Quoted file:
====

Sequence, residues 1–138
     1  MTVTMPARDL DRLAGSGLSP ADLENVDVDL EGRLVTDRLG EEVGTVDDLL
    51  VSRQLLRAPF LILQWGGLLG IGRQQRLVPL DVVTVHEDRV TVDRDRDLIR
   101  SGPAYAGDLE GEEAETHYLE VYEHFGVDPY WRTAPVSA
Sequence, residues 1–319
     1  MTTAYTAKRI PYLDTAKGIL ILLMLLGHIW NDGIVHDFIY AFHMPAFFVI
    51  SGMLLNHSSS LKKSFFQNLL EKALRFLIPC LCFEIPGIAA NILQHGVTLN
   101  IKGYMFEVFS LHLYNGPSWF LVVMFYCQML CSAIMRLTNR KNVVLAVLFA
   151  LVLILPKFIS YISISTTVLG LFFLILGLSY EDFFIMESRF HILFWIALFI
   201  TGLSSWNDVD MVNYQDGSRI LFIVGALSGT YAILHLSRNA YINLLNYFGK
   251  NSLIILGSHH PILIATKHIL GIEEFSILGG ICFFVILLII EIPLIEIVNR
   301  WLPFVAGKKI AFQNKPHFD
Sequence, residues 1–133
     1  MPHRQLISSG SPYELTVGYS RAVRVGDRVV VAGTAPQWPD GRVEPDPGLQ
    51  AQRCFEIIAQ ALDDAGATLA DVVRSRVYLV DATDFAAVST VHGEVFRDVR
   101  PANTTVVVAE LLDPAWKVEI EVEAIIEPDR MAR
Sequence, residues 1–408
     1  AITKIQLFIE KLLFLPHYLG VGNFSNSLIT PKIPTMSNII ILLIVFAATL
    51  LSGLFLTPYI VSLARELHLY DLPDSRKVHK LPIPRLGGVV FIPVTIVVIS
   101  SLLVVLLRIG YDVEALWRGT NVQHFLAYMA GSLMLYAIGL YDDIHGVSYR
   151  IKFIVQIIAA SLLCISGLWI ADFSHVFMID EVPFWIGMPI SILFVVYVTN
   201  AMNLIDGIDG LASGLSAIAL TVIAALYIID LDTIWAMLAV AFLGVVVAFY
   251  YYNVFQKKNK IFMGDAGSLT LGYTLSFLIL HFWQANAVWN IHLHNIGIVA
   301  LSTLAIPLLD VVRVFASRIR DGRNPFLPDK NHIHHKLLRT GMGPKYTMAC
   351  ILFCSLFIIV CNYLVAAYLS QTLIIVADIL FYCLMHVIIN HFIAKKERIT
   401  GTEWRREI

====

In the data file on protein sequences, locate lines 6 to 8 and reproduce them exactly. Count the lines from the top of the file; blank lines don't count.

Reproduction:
     1  MTTAYTAKRI PYLDTAKGIL ILLMLLGHIW NDGIVHDFIY AFHMPAFFVI
    51  SGMLLNHSSS LKKSFFQNLL EKALRFLIPC LCFEIPGIAA NILQHGVTLN
   101  IKGYMFEVFS LHLYNGPSWF LVVMFYCQML CSAIMRLTNR KNVVLAVLFA